Boyhood • Into The Storm
Magic In The Moonlight
August 14, 2014
Boyhood (*** ½) R
Funny how it’s sometimes the small moments in a film that get to you. Like the scene in the new film Boyhood, where the main character, a seven year old boy, looks back at his old neighborhood for the last time as his mom drives away, watching his childhood friends play and knowing he may never see them again. Goodbye and letting go are central themes in the film. For me, the tears flowed readily.
Director Richard Linklater’s revolutionary new film Boyhood seems to be the next logical step in his filmmaking journey. In my mind it’s probably the only time I can recall that a filmmaker has attempted to paint a portrait of life as it is actually being lived. The central idea—to capture a boy on film as he grows into manhood—is a concept Linklater has previously flirted with in his series of ‘Before’ films (Before Midnight, etc.) as we’ve followed those characters over eighteen years.
Since Boyhood was filmed over a real time period of a little over a decade, Linklater is able to take that concept into a whole other realm. Over the course of the film’s two and three quarter hours, the audience is witness to the passage of time transpiring right in front of its eyes. The film’s structure and storytelling style may be of a subtle nature but the magical spell it casts will linger long in the viewer’s mind.
Ellar Coltrane in Boyhood
The main character in the film is Mason, played by the well-cast Ellar Coltrane. The film’s story picks up with Mason at the age of 7. His parents (Patricia Arquette, Ethan Hawke) are divorced. Mason and his sister, Samantha (the director’s daughter, Lorelei Linklater), live with their mother, who has a penchant for picking bad men. Their father tries to see them as much as he can, but as anyone who’s lived through it knows, being a single father isn’t an easy gig and things don’t always work out in the most ideal way. Mason eventually grows into a sensitive, artistic type, as life goes on around him and we are witness to the changes.
The experience of the film is much like life itself and I guess that’s what makes the film so entrancing. The aging of the characters that we see most frequently in the film happens in such a way that we don’t notice. The aging of other characters appearing more infrequently can easily be detected and proves to be a little jarring at times, just as it is in real life. It’s the little details like this that make the film so special.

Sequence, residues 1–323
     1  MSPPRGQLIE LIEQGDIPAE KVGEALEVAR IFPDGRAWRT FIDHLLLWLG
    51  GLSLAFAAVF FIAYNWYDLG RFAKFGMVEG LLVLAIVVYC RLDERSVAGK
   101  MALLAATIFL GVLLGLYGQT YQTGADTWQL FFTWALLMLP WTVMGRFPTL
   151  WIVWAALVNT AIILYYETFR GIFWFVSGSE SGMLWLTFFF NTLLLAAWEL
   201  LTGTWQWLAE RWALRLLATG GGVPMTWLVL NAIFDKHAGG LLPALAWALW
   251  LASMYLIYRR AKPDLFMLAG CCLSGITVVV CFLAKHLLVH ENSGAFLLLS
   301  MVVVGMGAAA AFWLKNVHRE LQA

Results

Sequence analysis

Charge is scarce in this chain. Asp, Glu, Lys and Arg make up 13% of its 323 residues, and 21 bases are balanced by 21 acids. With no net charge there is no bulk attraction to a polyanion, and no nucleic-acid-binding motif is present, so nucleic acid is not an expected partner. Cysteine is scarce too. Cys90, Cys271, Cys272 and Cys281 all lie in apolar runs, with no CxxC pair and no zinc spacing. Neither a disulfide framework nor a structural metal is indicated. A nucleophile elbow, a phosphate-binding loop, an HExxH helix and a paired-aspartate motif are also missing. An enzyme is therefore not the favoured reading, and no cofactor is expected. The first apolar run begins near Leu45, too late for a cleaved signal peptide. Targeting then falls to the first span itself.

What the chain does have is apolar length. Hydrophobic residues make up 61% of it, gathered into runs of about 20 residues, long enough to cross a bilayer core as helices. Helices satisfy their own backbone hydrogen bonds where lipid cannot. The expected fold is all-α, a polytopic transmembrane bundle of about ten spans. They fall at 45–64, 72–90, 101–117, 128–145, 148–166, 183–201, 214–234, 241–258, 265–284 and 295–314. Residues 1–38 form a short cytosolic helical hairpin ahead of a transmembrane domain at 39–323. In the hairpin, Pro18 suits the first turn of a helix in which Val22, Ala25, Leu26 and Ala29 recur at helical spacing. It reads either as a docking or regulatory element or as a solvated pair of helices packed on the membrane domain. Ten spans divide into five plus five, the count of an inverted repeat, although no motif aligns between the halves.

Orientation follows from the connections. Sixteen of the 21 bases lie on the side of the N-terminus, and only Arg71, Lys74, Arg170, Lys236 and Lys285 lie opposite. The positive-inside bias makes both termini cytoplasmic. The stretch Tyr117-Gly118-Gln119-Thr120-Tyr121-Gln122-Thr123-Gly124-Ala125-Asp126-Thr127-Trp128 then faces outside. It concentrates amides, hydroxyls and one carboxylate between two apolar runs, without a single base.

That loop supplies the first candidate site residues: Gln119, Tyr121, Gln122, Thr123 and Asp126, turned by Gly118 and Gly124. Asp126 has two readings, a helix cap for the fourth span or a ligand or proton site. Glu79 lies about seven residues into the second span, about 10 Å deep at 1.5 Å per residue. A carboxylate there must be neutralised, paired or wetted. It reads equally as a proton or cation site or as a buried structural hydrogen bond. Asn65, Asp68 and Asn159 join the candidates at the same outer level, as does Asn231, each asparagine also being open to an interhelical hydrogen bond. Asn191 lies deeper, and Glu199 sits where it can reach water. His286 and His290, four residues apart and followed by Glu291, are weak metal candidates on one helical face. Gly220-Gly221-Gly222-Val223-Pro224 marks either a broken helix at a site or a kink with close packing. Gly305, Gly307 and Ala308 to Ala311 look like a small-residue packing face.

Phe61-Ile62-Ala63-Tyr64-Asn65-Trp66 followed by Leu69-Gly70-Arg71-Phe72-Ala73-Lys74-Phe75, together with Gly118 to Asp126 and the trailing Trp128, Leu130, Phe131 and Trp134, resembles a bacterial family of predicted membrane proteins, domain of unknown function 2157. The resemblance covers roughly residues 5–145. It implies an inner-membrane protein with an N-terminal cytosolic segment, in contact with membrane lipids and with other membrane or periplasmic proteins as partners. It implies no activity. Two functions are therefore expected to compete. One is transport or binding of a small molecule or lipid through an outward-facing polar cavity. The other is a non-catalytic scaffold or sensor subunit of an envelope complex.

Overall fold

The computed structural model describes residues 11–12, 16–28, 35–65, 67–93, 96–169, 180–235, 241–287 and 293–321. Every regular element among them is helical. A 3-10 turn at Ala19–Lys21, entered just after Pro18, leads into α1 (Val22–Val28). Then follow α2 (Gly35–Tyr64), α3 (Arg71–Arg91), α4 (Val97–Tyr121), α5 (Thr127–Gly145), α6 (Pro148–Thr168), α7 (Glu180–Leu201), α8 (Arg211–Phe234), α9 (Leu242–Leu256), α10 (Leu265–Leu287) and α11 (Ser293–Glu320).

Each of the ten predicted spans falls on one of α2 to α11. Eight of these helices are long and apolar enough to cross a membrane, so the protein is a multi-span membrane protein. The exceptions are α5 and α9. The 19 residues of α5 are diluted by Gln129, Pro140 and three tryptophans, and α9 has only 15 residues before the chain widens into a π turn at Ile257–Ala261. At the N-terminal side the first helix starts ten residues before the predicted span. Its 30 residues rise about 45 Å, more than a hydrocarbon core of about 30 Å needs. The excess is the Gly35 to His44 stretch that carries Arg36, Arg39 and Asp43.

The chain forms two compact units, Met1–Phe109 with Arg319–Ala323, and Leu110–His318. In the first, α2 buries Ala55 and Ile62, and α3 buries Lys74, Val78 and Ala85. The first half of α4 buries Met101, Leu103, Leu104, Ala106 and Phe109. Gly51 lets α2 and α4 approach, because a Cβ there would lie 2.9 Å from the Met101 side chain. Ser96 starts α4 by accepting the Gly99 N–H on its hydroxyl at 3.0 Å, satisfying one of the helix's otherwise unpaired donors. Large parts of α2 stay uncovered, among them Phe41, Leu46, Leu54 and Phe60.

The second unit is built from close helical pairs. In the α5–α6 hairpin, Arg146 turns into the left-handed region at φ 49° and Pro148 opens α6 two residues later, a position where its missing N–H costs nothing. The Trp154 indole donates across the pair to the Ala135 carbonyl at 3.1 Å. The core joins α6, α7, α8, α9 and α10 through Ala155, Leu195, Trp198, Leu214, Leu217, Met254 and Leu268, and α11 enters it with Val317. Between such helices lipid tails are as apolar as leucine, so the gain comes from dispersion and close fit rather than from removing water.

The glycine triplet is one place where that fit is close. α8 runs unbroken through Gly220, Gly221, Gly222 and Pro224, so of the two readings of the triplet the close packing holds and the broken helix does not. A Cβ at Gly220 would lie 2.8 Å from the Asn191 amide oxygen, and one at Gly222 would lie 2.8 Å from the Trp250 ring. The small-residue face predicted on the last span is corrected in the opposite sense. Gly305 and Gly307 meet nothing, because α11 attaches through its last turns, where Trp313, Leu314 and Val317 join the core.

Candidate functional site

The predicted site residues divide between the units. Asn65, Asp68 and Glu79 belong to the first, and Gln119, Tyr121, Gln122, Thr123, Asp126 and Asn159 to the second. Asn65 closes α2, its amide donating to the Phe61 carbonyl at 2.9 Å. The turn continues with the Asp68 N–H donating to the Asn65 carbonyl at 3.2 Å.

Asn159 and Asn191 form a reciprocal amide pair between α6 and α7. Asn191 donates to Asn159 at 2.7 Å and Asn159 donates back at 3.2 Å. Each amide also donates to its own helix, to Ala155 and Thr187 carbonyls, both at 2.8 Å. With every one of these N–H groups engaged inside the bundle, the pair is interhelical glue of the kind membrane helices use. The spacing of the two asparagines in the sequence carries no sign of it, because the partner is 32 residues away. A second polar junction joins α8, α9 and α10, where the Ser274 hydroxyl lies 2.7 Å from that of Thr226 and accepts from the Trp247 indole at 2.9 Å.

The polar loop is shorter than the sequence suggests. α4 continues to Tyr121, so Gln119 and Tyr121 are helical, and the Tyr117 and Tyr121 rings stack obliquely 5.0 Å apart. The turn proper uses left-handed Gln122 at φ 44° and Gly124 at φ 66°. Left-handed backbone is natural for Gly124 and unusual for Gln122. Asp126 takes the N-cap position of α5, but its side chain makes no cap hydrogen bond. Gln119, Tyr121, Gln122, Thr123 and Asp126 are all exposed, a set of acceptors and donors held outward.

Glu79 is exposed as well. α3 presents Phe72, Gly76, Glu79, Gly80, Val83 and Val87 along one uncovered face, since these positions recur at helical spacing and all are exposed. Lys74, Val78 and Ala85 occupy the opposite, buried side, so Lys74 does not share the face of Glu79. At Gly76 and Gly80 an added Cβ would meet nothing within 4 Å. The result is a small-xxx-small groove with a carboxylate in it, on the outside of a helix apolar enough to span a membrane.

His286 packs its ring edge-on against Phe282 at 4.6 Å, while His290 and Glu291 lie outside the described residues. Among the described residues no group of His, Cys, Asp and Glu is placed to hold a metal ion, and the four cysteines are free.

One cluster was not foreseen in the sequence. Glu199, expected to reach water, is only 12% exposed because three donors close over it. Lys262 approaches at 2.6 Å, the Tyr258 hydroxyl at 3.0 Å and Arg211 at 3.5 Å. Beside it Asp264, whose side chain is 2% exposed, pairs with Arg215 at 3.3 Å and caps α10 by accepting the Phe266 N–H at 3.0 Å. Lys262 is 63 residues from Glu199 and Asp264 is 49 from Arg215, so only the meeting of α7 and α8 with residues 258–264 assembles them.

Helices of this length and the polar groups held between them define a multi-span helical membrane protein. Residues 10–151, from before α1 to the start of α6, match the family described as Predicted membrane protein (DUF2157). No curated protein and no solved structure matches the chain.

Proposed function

In terms of storytelling and narrative structure, Boyhood isn’t anything revolutionary or innovative but that’s okay. Imbuing the film with the relaxed feel that Linklater has chosen suits the film’s nature. You don’t realize the enormity of what has transpired until the film is over and, like most of the great films, that’s when it begins to work its spell. As a character says at the end of the film, ‘It’s the moments that seize us.’ The same can be said about Boyhood.
Into the Storm (**) PG-13
Populated with cardboard characters and more implausible situations than you could possibly shake a stick at, Into the Storm is the type of film where the special effects are the only possible reason to even bother and boy, are they something to behold. The effects that movie audiences were witness to some eighteen years ago in the similarly themed Twister pale in comparison to what’s on display here. This is the kind of thing that demands to be seen on the biggest screen possible and will not play nearly as well if you wait for the inevitable Red Box rental.
Still, it’s hard to recommend a film filled with such disposable characters and situations as Into the Storm, so it’s a bit of a conundrum. It’s best to just know you’re going for the sound and light show on display during the film’s 89 minute unspooling and not much else.
Max Deacon, Nathan Kress & dad Richard Armitage
The stock characters on display include a storm chasing single mom (Sarah Wayne Callies) and her money-motivated boss (Matt Walsh). Then there’s a widowed assistant principal (Richard Armitage) and his two teen sons (Max Deacon, Nathan Kress), one of whom is estranged from the old man. Finally, as if that’s not enough, there are a couple of redneck yahoos (Kyle Davis, Jon Reep) thrown into the mix, seeking fame as the next viral video sensation with their storm footage.